There are two ways of extracting this model. Most abstractly, we extract the model as the
ribbon monoid of the proof.
Definition 38. Given a ∧, ∗-closed ribbon proof, define a model of BI. The monoid M is the
ribbon monoid of the outermost box. We set the forcing relation for atoms to be
r |= A ⇐⇒ hr, A, ji occurs in the outermost box of the proof
Note that this is a Boolean model: there is no partial order.
Proposition 6. For every triple hr, P, ji in the outermost box of the proof, we have r |= P.
Proof. By induction over the length of the formula P. The base case of atomic formula is Definition 38.
• P = Q∗R
As the proof is ∧, ∗-closed, ∗-elim will have been applied to P. This rule creates triples
hs, Q, ∗-elimi , ht, R, ∗-elimi such that r = s + t. By induction s |= Q and t |= R; by the
forcing rule for ∗, r |= Q ∗ R.
• P = Q∧R
∧-elim will have been applied to P twice, creating triples hr, Q, ∧-elimi , hr, R, ∧-elimi. By
the forcing rule for ∧, r |= Q ∧ R.
Proposition 7. The model constructed is a witnessing model: >M |= P and >M |= Γ.
Proof.
• >M |= P: Immediate from the above proposition, since there must be some triple
h>M , P, ji occuring in the proof.
5.3. A Spatial ‘Term Model’
75
• >M |= Γ
By this we really mean that >M |= Q, where Q is the BI proposition formed by textually
substituting ∗ for , and ∧ for ; in Γ. In this proof will will routinely use the notation |= Γ
for |= Q. The monoid M is in fact defined as MΓ , in the notation of Definition 23.
The construction of ribbon structures allows us to pick out an unique element of the monoid
for every sub-bunch ∆ of Γ; this is the top element of the monoid M∆ invoked during the
inductive construction. We will use the notation >∆ for this element; this is a slight abuse
since we really refer to a particular occurence of ∆ as a sub-bunch. We then prove the
stronger result that for every such sub-bunch ∆ this element >∆ |= ∆, and we proceed by
induction over the length of ∆.
– ∆=P
Then the ribbon >∆ will actually include the formula P as a hypothesis, and therefore
>∆ |= P.
– ∆ = ∆1 ; ∆2
By induction >∆i |= ∆i . However, >∆1 = >∆2 = >∆ , so >∆ |= ∆i and by the forcing
clause for ∧, >∆ |= ∆1 ∧ ∆2 , i.e. >∆ |= ∆.
– Γ = ∆1 , ∆2
By induction >∆i |= ∆i . Since >∆1 + >∆2 = >∆ , we have >∆ |= ∆1 ∗ ∆2 , and we are
done.
More concretely, we can produce a geometrical model based on the actual representation of
the proof on paper, by ‘squashing’ the proof vertically and taking the model to be, for each ribbon
r, an open interval of the real line. Then the monoid operation ‘·’ is almost the union of sets:
in fact, we take the interior of the closure of the union. To make the model work, we need to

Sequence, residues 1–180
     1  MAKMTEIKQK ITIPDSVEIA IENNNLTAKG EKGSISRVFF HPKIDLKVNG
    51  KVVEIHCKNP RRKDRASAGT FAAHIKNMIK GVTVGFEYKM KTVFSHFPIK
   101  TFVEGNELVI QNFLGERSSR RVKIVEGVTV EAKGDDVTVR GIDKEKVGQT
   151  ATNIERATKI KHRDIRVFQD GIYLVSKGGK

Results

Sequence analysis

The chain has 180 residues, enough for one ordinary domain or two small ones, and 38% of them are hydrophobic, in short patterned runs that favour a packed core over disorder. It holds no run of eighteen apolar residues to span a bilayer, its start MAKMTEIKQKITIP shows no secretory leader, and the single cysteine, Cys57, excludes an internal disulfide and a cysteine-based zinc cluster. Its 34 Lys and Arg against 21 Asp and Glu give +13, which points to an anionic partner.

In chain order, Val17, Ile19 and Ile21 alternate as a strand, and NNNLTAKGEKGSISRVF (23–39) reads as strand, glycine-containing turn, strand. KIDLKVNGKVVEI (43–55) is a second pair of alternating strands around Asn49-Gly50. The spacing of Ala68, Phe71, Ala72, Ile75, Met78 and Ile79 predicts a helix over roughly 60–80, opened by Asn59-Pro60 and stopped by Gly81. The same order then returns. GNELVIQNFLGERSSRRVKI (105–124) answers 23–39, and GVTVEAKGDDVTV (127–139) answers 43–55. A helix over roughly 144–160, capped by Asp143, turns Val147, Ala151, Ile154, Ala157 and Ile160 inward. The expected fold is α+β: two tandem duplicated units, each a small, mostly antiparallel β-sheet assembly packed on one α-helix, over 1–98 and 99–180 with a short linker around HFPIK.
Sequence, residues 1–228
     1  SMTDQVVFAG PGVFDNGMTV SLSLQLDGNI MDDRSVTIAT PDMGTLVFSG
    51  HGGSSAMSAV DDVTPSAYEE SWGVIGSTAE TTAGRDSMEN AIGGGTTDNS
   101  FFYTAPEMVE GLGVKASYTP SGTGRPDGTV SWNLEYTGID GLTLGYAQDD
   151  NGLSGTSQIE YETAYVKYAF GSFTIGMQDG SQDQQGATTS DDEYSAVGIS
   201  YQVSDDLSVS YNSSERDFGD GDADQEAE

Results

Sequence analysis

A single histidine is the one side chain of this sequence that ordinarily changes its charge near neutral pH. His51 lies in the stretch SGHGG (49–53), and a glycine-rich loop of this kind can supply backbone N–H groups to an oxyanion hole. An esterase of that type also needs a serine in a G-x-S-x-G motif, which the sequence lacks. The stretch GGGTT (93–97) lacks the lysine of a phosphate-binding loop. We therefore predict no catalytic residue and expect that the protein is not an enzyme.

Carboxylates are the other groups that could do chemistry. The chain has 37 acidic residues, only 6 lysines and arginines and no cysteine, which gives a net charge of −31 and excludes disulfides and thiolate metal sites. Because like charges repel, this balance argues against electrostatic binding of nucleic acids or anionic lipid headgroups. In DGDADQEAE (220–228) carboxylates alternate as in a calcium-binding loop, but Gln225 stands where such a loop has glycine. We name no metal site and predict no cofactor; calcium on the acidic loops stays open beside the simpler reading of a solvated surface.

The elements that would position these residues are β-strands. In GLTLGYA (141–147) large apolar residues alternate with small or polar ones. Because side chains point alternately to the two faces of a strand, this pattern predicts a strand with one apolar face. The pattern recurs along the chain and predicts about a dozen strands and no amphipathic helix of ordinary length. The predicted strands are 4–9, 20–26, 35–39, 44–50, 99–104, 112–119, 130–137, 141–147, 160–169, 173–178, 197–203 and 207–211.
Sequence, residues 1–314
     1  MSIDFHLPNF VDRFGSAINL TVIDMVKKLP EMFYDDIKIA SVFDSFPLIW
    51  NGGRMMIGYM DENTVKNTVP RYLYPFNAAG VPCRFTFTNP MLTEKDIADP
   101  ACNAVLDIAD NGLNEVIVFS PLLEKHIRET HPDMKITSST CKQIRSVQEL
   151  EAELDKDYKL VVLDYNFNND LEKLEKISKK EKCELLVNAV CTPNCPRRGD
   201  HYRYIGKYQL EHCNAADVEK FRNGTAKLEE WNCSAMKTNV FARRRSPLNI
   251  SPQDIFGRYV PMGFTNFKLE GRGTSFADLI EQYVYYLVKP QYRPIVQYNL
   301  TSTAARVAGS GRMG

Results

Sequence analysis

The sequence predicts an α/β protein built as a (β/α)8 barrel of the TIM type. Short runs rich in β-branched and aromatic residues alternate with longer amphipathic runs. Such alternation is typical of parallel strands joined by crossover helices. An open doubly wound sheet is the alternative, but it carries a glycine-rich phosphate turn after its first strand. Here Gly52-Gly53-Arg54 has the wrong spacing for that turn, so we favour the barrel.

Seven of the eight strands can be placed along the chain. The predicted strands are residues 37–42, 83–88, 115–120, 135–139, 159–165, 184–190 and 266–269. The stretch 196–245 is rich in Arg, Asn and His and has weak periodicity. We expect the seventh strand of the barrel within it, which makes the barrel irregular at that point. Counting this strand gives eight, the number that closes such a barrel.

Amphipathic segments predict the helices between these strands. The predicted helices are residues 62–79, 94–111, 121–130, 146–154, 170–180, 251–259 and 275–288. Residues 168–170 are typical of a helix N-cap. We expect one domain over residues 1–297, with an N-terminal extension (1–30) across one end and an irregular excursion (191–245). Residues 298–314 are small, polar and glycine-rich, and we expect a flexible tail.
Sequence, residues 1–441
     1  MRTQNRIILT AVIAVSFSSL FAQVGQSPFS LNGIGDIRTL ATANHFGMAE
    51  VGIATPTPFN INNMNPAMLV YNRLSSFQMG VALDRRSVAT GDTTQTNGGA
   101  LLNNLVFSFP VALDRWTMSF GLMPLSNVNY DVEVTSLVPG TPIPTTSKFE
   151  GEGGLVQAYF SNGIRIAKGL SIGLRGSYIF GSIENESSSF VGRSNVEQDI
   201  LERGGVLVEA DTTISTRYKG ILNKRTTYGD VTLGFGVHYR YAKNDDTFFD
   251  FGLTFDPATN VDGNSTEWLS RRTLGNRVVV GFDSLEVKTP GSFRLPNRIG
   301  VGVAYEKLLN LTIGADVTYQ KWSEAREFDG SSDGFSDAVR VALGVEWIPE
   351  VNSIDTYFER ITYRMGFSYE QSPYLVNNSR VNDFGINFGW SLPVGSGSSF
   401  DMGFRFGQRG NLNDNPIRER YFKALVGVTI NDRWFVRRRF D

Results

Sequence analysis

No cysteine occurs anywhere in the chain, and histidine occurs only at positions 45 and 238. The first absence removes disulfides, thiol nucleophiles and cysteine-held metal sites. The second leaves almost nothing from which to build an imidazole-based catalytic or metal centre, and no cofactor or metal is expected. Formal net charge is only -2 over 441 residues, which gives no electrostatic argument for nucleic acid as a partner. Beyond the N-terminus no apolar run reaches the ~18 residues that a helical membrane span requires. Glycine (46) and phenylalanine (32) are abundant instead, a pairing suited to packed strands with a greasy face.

be careful that no r 6= s map to exactly the same set. These ideas are taken further in the next
chapter.
The geometrical model is, of course, the same monoid as the first, so the same model in an
algebraic sense; it provides a concrete representation of it.
5.3. A Spatial ‘Term Model’
5.3.2
76
Proofs with I
In the classical model theory (that is, a PCM without a partial order), the unit I is only forced at
the identity element of the monoid. So if the proof contains the triple hr, I, ji, the procedure above
fails to produce a model: r |= I is not permitted. Intuitively, by proving I, we have established
that r was in fact, the identity ribbon. Formally, we would like to take some quotient of the
monoid such that r = e. Unfortunately, since the monoid is a partial monoid, this quotient is not
a straightforward affair.
5.3.3
General proofs
To generalize the above ideas, we could consider the following idea for the forcing relation of a
model:
r |= P if and only if there exists some proof extending the given proof, in the sense
of applying some finite number of proof rules, in which a triple hr, P, ji occurs.
Note that this is indeed a generalization of the ∧, ∗ model given above. However in the
general case it fails to be a model in the same sense. For example:
• The are problems, mentioned above, with I. The problem is to find, within a partial
monoid, the least congruence which maps a particular set of elements to the identity. With
total monoids this is easy; with partial monoids it is more involved. The other problems
described below mean it is not worth spending time on here.
• The are more serious problems with −∗. Consider the trivial (one line) proof of Q ` Q. It